# Harvard Astronomy 201b

In Uncategorized on April 26, 2013 at 9:18 pm

How were the observations done?

If you are a theorist, you probably don’t like words like “bandpass”, and hate words like “calibration.”  If you are an observer, you probably know and love these words.  But even theorists have to understand how observations are done: they’re what keep science science.  Here I want to briefly explain some aspects of the paper’s discussion of how the data were taken that were on first read opaque.

First of all, given that the $NH_3$ rest frequency is roughly 24 GHz, we can find the energy of the transition: $E=h\nu = 10^{-4}\;\rm{eV}$.  This corresponds to an excitation temperature of 1.2 K, which we can also translate into a velocity via $v\sim (E/m)^{1/2} \sim 24\; {\rm m/s}$.  A typical molecular cloud temperature is on the order of 20 K, high enough that there should be many molecules in the upper energy state (think of it as a toy-model 2 level system) and hence many upper to lower transitions occurring (leading to emission at 24 GHz).

A 1 MHz window means the observations were done between 24 GHz – 500 MHz and 24 GHz + 500 MHz, and dividing this interval by 256 gives the 3.9 kHz per channel quoted.   This can be translated into a velocity by thinking of it using the small-z redshift formula $z\approx v/c$. Here, we have a fractional frequency shift $\Delta \nu / \nu \simeq v/c$, and setting $\Delta \nu / \nu$ =  3.9  kHZ/24 GHz leads to the velocity quoted (.049 km/s).

The baselines given (35 meters up to 1 km) determine the spatial resolution: just good old Carroll and Ostlie diffraction limit, $\theta = 1.22 \lambda/D$, where $\theta$ is the angular resolution, $\lambda$ the wavelength of light, and $D$ the diameter of the aperture (here, the baseline).  24 GHz has $\lambda = 1.2$ cm, so with a 1 km baseline the angular resolution is about .05’’ (for comparison, this is 1.3 times the angular resolution of the Hubble Space Telescope at 500 nm).

Nepers is a unit of optical depth; .0689 is optically thin (and measures the optical depth due to the Earth’s atmosphere, since the authors note this corresponds to fair weather; there is negligible optical depth from sources in space at this frequency).  It is interesting to note that the optical depth is given at 22 GHz, but the observations are made at 24 GHz; this is because 22 GHz is a standard fiducial frequency to allow comparison with the weather conditions under which other radio observations might have been made.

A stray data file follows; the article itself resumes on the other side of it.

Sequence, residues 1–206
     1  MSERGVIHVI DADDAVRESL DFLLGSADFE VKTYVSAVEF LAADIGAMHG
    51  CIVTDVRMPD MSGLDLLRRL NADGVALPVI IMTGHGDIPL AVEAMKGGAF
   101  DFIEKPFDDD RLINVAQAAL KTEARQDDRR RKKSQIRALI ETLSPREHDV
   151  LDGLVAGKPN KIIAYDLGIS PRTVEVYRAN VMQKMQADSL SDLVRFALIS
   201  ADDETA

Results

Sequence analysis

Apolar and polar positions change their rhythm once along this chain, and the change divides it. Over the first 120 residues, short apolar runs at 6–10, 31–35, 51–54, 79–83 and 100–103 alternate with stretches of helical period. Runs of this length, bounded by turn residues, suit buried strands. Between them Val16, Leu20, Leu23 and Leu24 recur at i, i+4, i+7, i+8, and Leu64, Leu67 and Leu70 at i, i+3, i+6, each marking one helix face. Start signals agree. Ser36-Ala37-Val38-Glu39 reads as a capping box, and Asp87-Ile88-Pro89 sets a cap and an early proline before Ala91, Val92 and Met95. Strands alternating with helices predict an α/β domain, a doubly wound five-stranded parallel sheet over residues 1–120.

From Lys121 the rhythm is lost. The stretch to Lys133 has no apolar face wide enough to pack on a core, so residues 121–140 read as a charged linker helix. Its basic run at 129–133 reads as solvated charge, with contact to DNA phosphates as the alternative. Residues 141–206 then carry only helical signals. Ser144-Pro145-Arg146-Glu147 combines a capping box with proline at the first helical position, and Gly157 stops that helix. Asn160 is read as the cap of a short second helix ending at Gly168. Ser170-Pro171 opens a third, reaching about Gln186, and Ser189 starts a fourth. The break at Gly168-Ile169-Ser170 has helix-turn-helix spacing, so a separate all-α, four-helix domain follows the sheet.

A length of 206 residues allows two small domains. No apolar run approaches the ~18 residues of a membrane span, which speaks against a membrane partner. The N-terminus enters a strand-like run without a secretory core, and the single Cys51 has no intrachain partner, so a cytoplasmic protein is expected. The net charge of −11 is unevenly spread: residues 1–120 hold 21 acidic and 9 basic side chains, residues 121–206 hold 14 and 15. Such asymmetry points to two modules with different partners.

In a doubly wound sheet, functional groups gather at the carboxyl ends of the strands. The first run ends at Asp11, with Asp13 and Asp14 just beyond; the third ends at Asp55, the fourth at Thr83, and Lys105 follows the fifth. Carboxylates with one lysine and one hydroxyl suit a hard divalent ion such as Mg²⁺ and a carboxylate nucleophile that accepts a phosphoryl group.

Now, calibration—theorists’ bane.  The paper’s discussion is compact and therefore somewhat confusing to those uninitiated into the secrets of radio astronomy, but understanding it is worthwhile for the insight it can yield into what actually goes on at these remote “large arrays” in the desert (alien storage?)

In a radio interferometric observation, what you actually measure is the amplitude and phase of the signal in each channel (here, there are 256): i.e., at each different frequency corresponding to the channels in the window about 24 GHz.  (Note: interferometric means that phases are being compared between signal received at spatially separated points on Earth: this allows the difference in path length from the source to two antennae to be computed, and hence the direction to the source). The amplitude and phase at these different frequencies is desirable because it gives (eventually) intensity as a function of frequency, or equivalently a spectral energy distribution (SED).  This in turn allows inferences about the properties of the source (e.g. dust grain size from SEDs of debris disks, cf. problem set 2, problem 4 ( $\beta$ describes the shape of the SED)).There will be some intrinsic noise in both amplitude and phase, which you want to eliminate.  For a source that has a flat spectrum, you know any bumps you see at a particular frequency are due to noise in the channel at that frequency.  This is the purpose of having an amplitude calibrator: typically quasars are used because they have flat spectra.

Now, the amplitude is measured by the amount of electrical current coming from a given channel: the more photons at that frequency hit the antenna, the more current.  But astronomers care about flux, not current.  The absolute flux calibrator is a source with a known flux. Measuring the voltage this source produces allows the conversion factor between voltage and flux to be deduced.  Using a source with known flux also allows one to calibrate the bandpass: the flux should be zero outside the window, but to know this is because the window is working, you have to be sure the flux is not just coincidentally zero at frequencies outside the window anyway.

Finally, the astute reader may notice that noise is reported as mJy/beam.  The noise should be linear in the area of the beam, so a larger beam would have more noise.  Thus two sets of observations done with different beam sizes would have different noise levels due to this; reporting noise/beam allows direct comparison of how good observations done with different beam sizes are.